The Tyranny of Perfectionism

The Tyranny of Perfectionism August 4, 2014

The single biggest hindrance to doing anything is the tyranny of perfectionism. Fearing that I’m not Doing it Right or Doing Enough keeps me from doing more than I care to admit. As a parent of young children I am often caught in this web of lies. There’s never enough uninterrupted time. There’s never enough childcare. This web tangles up many areas of my life: spiritual practice, health, parenting, community building, and so on.

By Dedda71, via Wikimedia Commons
By Dedda71, via Wikimedia Commons

The tyranny of perfectionism sometimes also keeps people from sharing their actual practice. In my last post I wrote about where I’m at and what I do in regards to the Ancestors. One friend posted on my Facebook page that working with the Ancestors are the “meat and potatoes” of witchcraft practice. I immediately had a flash of “well, then I’m clearly not practicing witchcraft or I must be doing it wrong” because I don’t ‘work with’ the Ancestors. But I do honor them! I can’t let anyone else’s idea of what a witch is or is not keep me from practicing. If I do that, I’ll be paralyzed into inaction.

This tyranny raises its head in so many places! The voice that says “you can’t save the world, so why try?” keeps me from attempting. “You’re not that great a singer, so just stop trying.” “You really think that 15 minutes of yoga is enough exercise? You’ll never get fit again.” “You think 15 minutes of meditation is enough to reach enlightenment? You’ll never get there.” And so on.

But I’ve learned that yes, 15 minutes is more than effective. With an infant and young children I don’t have the time or space for my pre-kid practice (90 minutes every morning of yoga, meditation, and prayers). But I trust that my 15 minutes here and there, plus longer sessions or evening ritual when energetically possible, means that I’m still flexing those ‘muscles.’ When the kids are older and more time opens up again, I will have the ability to get back to longer practice. I won’t have gotten out of the habit entirely.

When it comes to ‘saving’ the environment, I combat the tyranny of perfectionism by reminding myself that I alone can’t save anything, that communities work together to create change, and that I’m doing my part. I use cloth diapers and other re-useable fabric items (hand towels, handkerchiefs, and mama cloth). We support local agriculture when we can afford it. We don’t use pesticides on our property. Doing one thing and integrating it into family life makes adding on one more environmentally friendly practice easier.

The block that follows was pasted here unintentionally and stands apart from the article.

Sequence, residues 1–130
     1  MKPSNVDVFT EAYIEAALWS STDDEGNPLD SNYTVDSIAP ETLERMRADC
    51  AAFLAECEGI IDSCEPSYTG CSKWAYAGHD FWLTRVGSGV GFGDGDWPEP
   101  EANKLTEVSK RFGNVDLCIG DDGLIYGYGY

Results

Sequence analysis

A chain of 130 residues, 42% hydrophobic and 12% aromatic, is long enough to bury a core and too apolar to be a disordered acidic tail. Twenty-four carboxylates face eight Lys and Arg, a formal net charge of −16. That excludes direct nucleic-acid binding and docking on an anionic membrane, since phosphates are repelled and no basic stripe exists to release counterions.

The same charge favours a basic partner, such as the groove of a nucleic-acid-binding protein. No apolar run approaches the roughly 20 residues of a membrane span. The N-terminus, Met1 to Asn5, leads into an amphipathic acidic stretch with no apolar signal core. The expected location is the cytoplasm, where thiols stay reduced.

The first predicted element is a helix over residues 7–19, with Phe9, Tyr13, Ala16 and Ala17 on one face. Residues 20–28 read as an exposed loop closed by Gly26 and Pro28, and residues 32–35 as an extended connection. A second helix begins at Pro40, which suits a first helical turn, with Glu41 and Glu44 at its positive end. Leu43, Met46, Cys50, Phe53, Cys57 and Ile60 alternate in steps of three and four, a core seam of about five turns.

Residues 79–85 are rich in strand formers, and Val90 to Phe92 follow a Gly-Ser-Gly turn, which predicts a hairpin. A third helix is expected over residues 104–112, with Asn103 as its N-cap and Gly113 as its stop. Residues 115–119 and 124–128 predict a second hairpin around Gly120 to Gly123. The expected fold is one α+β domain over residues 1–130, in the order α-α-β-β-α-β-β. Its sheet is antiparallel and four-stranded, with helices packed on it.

Same thing with exercise, with singing, with everything!

I refuse to accept the tyrannical idea that I must do All the Things at once or not at all, and that I must do those things perfectly. When casting circle with my teachers I always try to take a section so that I can learn. Sometimes I forget words or my energy is inconsistent, but I have to practice if I want to learn to do it well. I have to take small steps regularly so that I can be ready for larger leaps.

When I try to take on more than I’m ready for, I usually end up in a state of doubt. My efforts don’t produce results and I doubt the entire endeavor. Small steps evenly taken – or even irregularly taken – help me produce results and engage in meaningful experience more regularly than trying to take on all of witchcraft at once. Or all of green living. Or all of parenting.

This is a bit like a personal pep talk, but I don’t think I’m alone in needing the occasional encouragment.  I’m guessing more than one reader out there also has had to face someone telling them they’re doing it wrong or they’re not doing enough or they’re moving too slowly. When that happens to me I know that person is trying to fluff themselves up. Allies and teachers will offer encouragement. They’ll say “Have you tried this?” “That’s great, when you’re ready look into that.” And so on. When elders in the Craft acknowledge my efforts and help me along, it helps me to recognize my own work (which can sometimes be hard for me to do) and provides me needed juice to keep going despite of the challenge of trying to be a witch and a mama.

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  • Keechypeach

    I think the internet in particular has opened us up to more and more advice and more and more opinions that can bring us to a total halt if we let them. As a writer and artist, I came to a point where i said to myself, “You know enough. Stop using learning more as an excuse not to actually do the work.” So I now avoid a lot of advice/articles/books on those two things and just make my own mistakes and move forward much better. As a horse-woman, I had all the fun drained out of my horse ownership by so many conflicting ideas and opinions. I did a lot better when it was just me and the horse muddling along. 🙂 Studies have shown that actually the more feedback and advice you give people the worse job they do, even if it is positive! I wasn’t surprised to hear this!

    • >>Stop using learning more as an excuse not to actually do the work.<<

      This!! A thousand times, this! That's a big part of why I quit my PhD program.

  • Sophia Sadek

    I have also noticed the tendency for people to wait until things are perfect before moving forward. The best analogy is that an infant first crawls, then walks, then runs. We cannot expect to run until we have first crawled and walked.